THE GROOMING OF ALICE.

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THE GROOMING OF ALICE BY PHYLLIS REYNOLDS NAYLOR

★★★

If you were to ask me if I had to pinpoint with the Alice series switches from middle-grade to young adult, I would say it’s The Grooming of Alice. Alice’s issues and manner of speaking become a bit more adult, and oh god does she even through some truly teenage tantrums in this one.

At one point, Alice, in a fit of pubescent dramatics, dubs the summer between eighth and ninth grade the worst summer ever. I’m normally against hyperbole, but I have to admit that our every-girl heroine sure has a lot of issues thrown at her in these two hundred pages.

Alice, Pamela and Elizabeth decide they need to get in shape for high school and commit themselves to a low-calorie, high-exercise regimen. Alice, forever the realist, doesn’t take any of it too seriously. Elizabeth, on the other hand, who has always been the quiet and sensitive one, begins to take losing weight too far. She soon veers alarmingly close to eating disorder territory, and gives Alice — and the reader — a lesson in body image and self-confidence.

Pamela’s life essentially implodes in this one too. Her mother is currently shacked up in Colorado with her NordicTrack instructor boyfriend, leaving Pamela alone with her moody, aloof father. Her troubled relationship with her dad culminates in her attempt to “run away”, in which she really ends up hiding in Alice’s room. Alice’s attempt to protect Pamela, and hide her from both their dads as well as the police, ends up completely blowing up in her face. She ends up grounded with her dad more angry at her than ever before. Alice always tends to do the ‘right thing’, so it was kind of refreshing to see her make a really poor decision and face the consequences.

Alice and her new friend Gwen start candy-striping at the local hospital, and Alice loves finding herself relied upon in a professional context. It is her first taste of real responsibility, and she gains some confidence as well as experience. Her enjoyment is marred by the sudden passing of Mrs. Plotkin, her favorite former teacher. This is the biggest loss Alice has experienced in her living memory, and her grief and confusion are totally appropriate and relatable:

“I…I’m sorry,” I said, my face all scrunched up, puffy and feverish. “I don’t know what’s the matter with me. It’s as though she were part of the family.”

“I think she was, Al,” Dad said quietly. “I think she came closest, maybe, to being a mother for you for a while. You never did, you know, really get a chance to grieve for your mom; you were too young to understand the finality of it. I think it’s a fine thing that you loved Mrs. Plotkin so much. If you didn’t, you wouldn’t miss her so much now.”

These are the little moments that set the series apart from all the other middle-graders, and one of the reason I still love re-reading them so much. The quiet meaningful moments end up sticking with me much more than the high dramatics.

Random observations:

  • I love Lester so much more this time around. I remember not liking him very much when I first read these books, and now I think I can relate to him better than I can relate to Alice. I wonder if I go back and read these books in another ten years I’ll identify with Alice’s dad the most.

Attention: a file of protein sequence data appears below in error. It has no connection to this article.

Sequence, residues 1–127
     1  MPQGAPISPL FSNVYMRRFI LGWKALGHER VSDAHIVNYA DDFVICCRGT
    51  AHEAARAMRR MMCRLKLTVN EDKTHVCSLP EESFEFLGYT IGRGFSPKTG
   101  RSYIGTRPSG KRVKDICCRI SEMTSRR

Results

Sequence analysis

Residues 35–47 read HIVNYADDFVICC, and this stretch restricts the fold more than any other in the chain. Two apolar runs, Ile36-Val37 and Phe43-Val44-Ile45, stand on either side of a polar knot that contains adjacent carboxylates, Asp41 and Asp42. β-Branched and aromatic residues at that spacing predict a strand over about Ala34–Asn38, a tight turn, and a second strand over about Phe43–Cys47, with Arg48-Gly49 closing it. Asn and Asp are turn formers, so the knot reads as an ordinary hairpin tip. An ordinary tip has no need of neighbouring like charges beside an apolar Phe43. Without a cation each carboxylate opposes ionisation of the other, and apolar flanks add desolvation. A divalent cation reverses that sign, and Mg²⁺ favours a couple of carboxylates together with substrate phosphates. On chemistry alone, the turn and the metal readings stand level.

• Alice also formally introduces herself to her vulva in this one, via a hand-mirror. Actual quote:

“Well,” I said to my privates, “nice to meet you!”

  • Some serious foreshadowing with the subtle introduction of Penny, Alice’s future rival-in-love. She should have suspected something was up when Patrick referred to her as having “personality and pizzazz”…what does that even mean, Patrick.
  • Speaking of dated language — this is the first time it was really noticeable to me. “Doggone on it” is not something the next generation says, but I can’t hold it against Naylor who was born in 1933 (!!).

ALICE ON THE OUTSIDE.

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Alice on the Outside by Phyllis Reynolds Naylor

★★★★

Yep, still reading these. I just realized that I’m not even halfway through with this series. Good God.

But this is one of the best in the series! Alice #11, in which Alice experiences prejudice and homophobia for the first time.

Alice’s school runs something called Consciousness Raising Week to reach the students about prejudice and privilege. Based on hair color, students are assigned to groups A, B or C, and have certain restrictions and rites based on those groups. Certain groups can only use certain staircases, sit in certain parts of the cafeteria, etc. The students see it as a joke originally, but by the end of the week, everyone is highly emotional and on edge. It’s kind of heavy-handed in delivery, and maybe even a bit preachy, buts its also a good examination of privilege and discrimination, especially for a middle grade book.

There’s also a side story in which Alice gets to know Lori Hayes, a new student in her grade. At a sleepover at Lori’s house, Alice realizes that Lori is interested in her romantically, and she handles the situation with tact and grace. It’s a nice moment that does not overdramatize the miscommunication. Later, Alice has a discussion with her dad in which he makes it clear that he would love her regardless of her sexual orientation. I can imagine that a young reader struggling with his or her sexuality would find particular comfort and solace in this storyline, and I applaud Naylor for including it and doing it justice.

The book also contains one of the realest discussions of sex I have ever seen in a book, let alone a middle-grade book. When Alice’s worldy older cousin Carol comes to visit, Alice take the opportunity to learn all she can about sex and orgasms and love. There’s a nice emphasis on the fact that sex isn’t like it is in the movies. Alice learns that its not all about simultaneous orgasms and inexplicably perfect hair, but that sex is really about trust and requires clear communication. I can certainly see some parents taking issue with the sexual nature of that chapter, but Naylor handles it so well — like a blunt but loving grandmother.